UPDATE 1-Landlord AvalonBay posts higher-than-expected FFO

Tue Apr 30, 2013 5:18pm EDT

NEW YORK, April 30 (Reuters) - Apartment landlord AvalonBay Communities Inc reported a 23.7 percent decrease in a key earnings performance measure in the first quarter, mostly related to its acquisition of 40 percent of former rival Archstone from Lehman Brothers.

But the results were much higher than the company had forecast due to lower interest and Archstone-related costs as well as higher net operating income.

The real estate investment trust posted first-quarter funds from operations, or FFO, of $93 million, or 78 cents per share, down from $122.0 million, or $1.28 per share, in the year-earlier quarter.

The company had forecast a loss of 64 cents per share.

During the quarter, AvalonBay and Equity Residential closed on their $6.5 billion acquisition of the properties of Archstone, a company that Lehman Brothers helped take private in 2007, but which ultimately helped push the investment bank into bankruptcy the following year.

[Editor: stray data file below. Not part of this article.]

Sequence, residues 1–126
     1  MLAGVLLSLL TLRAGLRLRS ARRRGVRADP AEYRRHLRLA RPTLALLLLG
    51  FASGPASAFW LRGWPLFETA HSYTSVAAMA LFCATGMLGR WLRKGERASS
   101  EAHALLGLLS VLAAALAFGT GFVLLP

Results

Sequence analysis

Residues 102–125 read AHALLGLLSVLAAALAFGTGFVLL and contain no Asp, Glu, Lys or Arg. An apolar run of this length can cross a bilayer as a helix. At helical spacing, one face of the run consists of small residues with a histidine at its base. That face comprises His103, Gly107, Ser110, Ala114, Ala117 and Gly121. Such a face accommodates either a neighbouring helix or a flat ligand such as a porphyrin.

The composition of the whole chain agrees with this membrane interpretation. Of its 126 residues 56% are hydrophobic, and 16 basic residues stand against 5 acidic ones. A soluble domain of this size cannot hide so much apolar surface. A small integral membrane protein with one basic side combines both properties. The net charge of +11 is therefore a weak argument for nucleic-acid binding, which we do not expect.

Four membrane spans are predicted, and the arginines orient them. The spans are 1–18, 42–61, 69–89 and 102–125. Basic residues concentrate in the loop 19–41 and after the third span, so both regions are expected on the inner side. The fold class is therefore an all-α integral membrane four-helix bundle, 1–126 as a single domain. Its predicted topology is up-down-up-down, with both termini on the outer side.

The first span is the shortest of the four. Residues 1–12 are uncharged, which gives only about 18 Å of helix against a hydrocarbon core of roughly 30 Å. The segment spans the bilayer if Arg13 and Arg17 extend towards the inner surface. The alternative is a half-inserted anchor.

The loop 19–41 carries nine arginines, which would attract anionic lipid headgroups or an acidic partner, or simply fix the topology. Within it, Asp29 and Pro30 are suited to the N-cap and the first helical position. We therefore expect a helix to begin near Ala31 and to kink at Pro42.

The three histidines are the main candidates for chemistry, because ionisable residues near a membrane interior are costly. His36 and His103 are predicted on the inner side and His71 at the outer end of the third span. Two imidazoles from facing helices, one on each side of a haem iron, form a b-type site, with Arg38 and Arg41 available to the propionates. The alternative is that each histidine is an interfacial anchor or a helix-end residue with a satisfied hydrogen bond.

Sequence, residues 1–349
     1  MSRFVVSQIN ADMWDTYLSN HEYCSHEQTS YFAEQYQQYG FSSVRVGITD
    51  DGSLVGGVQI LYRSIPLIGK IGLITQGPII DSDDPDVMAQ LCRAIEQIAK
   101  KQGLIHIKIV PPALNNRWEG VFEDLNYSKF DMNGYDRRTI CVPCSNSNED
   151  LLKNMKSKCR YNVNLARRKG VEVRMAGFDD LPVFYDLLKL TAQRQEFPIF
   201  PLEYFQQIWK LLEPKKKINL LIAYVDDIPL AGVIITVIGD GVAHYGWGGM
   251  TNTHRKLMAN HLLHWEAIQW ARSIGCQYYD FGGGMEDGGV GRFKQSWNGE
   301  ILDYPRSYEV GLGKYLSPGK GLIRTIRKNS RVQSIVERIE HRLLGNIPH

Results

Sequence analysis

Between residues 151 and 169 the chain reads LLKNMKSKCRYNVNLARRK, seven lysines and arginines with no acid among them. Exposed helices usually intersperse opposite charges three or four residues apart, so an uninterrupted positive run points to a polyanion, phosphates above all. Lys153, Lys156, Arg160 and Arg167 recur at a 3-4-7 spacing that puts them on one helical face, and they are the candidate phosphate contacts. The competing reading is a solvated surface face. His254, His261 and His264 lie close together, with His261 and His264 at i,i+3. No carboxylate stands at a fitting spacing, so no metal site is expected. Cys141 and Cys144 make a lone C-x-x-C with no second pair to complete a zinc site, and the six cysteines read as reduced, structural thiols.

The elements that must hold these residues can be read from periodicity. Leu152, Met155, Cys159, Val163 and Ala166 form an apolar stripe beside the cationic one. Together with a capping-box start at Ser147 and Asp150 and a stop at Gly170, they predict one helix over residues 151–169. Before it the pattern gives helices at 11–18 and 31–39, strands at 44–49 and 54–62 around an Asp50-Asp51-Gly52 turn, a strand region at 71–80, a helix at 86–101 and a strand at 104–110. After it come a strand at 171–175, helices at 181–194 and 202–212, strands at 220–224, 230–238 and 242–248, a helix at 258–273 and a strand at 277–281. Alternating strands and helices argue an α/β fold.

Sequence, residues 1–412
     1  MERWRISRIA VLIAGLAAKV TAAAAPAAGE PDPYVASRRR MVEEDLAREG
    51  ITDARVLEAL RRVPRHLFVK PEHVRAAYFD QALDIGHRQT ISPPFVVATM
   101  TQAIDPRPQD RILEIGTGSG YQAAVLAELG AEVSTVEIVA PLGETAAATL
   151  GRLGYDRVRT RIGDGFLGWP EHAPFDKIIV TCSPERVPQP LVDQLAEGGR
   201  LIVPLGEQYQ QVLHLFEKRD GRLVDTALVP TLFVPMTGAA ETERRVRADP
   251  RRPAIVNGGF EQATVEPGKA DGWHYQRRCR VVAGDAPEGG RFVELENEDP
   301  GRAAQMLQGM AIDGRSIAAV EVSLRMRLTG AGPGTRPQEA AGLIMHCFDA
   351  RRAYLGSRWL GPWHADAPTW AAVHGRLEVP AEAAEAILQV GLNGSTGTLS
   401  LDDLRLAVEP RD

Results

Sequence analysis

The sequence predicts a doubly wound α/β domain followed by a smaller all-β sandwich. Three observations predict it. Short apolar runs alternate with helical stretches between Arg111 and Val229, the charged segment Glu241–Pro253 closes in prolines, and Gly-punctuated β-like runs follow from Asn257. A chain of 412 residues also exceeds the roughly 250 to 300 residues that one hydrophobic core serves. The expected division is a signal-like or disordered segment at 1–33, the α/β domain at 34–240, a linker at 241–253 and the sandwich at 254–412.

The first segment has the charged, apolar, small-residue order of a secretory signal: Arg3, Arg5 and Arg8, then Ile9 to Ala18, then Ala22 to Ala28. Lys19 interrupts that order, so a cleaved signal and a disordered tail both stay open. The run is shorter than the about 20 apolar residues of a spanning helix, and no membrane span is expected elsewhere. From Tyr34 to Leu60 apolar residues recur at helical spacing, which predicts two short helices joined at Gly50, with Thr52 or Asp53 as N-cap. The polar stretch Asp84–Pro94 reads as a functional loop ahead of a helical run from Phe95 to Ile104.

Funds from operations is an industry measure that usually excludes the effect of depreciation on earnings as well as losses or gains from property sales.

Total revenue increased 23.9 percent to $315.4 million.

For properties the company has operated more than a year, AvalonBay posted a 5.6 percent rise in first-quarter net operating income, an indicator of how well they are managed. The average rental rate rose 4.9 percent. The Pacific Northwest and Northern California lead the rental revenue increases, up 8.9 percent and 8.7 percent, respectively. Those markets also turned in double-digit net operating income growth.

AvalonBay revised its outlook for the year to FFO in the range of $4.98 to $5.98 per share, up from $4.11 to $4.47 per share. Analysts had forecast $4.35 per share, according to Thomson Reuters I/B/E/S.

Shares of AvalonBay closed 1.5 percent higher at $133.04 on the New York Stock Exchange on Tuesday, shortly before the results came out. The shares were unchanged after-hours.

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